New books

General discussion about JPatch

New books

Postby sascha » Sun Feb 05, 2006 9:11 am

I've cought another cold (as most other family members), so I still wasn't able to finish that timeline-feature :(

This week two new books arrived:
Character Animation In 3D somehow reminds me on The Animator's Survivial Kit - it has a strong focus on 2D cartoon animation techniques, but also tells how to apply them to 3D animations. The CD contains a lot of pdf files dealing with how to do this with different applications (Lightwave, Max, Maya and XSI) which is interesting because this way I can get a feeling for how these applications are supposed to work.
Some of the files can be downloaded online here.

I've barely started reading, but one thing I've already learned is that graphs for the x/y/z curves of an objects position actually do make sense :oops: so I'm gonna implement them (perhaps not in the first version of the timeline-editor though).

Stop staring deals with facial animation and how to set-up controls to manipulate them. It's focused solely on Maya, but that's not necessarily a bad thing. I haven't started reading it, but after quickly browsing through it I already discovered a lot on interesting things:
An example: To control the face, they use different kinds of sliders. Some horizontal ones, some vertical ones and some "2D" sliders (which can be moved up/down and left/right). This is rather cool, as you can blend between several expressions or poses with just one control!


Seems like the list of features I'd like to add to JPatch grows larger and larger :wink:
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Postby dcuny » Sun Feb 05, 2006 10:09 am

Sascha wrote:I've cought another cold (as most other family members), so I still wasn't able to finish that timeline-feature
I hope you're all feeling well soon! I thought perhaps you'd gone away on vacation. :o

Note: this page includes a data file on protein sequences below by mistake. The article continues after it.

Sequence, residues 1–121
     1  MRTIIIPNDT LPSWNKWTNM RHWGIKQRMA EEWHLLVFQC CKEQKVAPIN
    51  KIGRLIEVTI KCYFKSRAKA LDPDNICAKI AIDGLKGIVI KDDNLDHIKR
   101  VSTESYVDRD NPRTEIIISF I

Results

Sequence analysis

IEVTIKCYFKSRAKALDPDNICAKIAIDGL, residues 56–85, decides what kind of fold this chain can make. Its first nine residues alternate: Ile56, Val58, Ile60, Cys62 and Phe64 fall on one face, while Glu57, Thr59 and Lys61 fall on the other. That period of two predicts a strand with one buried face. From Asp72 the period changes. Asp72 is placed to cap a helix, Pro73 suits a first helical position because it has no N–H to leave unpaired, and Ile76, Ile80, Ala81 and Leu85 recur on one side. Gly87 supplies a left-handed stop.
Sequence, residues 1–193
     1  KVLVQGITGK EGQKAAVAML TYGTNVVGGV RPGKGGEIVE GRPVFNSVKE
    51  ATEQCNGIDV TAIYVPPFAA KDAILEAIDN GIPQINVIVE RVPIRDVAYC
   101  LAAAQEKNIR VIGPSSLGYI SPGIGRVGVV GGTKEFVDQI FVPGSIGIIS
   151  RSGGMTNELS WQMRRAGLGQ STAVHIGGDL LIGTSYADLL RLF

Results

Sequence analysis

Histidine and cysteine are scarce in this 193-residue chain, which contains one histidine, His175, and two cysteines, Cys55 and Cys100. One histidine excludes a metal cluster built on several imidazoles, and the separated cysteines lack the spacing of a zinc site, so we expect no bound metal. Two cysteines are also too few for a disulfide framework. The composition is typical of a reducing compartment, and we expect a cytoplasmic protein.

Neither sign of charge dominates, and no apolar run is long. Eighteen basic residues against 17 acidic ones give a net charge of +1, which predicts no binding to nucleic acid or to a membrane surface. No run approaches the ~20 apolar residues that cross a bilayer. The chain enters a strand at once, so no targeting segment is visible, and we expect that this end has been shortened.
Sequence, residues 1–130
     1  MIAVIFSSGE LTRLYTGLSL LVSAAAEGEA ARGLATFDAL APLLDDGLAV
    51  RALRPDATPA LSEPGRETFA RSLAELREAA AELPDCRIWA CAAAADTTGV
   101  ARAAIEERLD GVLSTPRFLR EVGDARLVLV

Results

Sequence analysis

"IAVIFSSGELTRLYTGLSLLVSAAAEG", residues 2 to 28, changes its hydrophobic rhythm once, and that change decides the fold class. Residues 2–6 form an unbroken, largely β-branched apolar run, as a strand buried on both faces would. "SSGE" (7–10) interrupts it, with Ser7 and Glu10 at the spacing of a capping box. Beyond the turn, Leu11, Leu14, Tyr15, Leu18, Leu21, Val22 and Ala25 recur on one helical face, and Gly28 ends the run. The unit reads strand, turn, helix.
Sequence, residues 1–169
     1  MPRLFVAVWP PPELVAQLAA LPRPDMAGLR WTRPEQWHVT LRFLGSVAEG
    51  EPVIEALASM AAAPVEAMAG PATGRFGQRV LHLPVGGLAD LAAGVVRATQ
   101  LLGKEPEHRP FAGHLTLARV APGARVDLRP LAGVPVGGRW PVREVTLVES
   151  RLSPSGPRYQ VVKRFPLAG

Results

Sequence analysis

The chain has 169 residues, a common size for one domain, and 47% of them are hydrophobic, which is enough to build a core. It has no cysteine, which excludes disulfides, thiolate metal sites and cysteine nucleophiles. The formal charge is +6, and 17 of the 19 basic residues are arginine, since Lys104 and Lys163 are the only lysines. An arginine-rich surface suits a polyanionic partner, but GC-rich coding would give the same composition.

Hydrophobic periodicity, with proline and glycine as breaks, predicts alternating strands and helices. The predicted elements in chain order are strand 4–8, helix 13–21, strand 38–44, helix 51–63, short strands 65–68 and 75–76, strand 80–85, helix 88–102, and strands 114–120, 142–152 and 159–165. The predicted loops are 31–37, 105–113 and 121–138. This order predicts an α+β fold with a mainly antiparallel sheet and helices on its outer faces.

Character Animation In 3D somehow reminds me on The Animator's Survivial Kit
I remember seeing the book earlier this summer... I thought it was great that someone was covering basic 2D and 3D animation in the same text, and I went back to the book a number of times before deciding I couldn't afford it. :?

I was really tempted to buy it, but as you mentioned, most of the same material was already covered (much better, I think) in the The Animator's Survival Kit. I don't think there's anything in the book that's wrong, but I don't think the author's really an animator. Look at the the example movies, for example. They look and feel like something out of the 1920's. The author can't really draw, and the animations don't feel animated.

Mind you, I think it fills an important niche, and if I wasn't perpetually broke, I'd have bought it. The author certainly has more real-world experience than me! ;)

To control the face, they use different kinds of sliders.
One control that I've seen being added to a lot of applications is a box, where you can map various facial poses to each axis. Dragging a point around in the box adjusts the relative weight of each pose.

Another thing I've seen is a proxy object - sort of a 2D cartoon drawing of a character. Instead of interating with the model, you interact with the proxy, which drives the character.

There's all sorts of nifty gadgets out there, but I want FK and IK first, please! :D
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Postby sascha » Sun Feb 05, 2006 10:26 am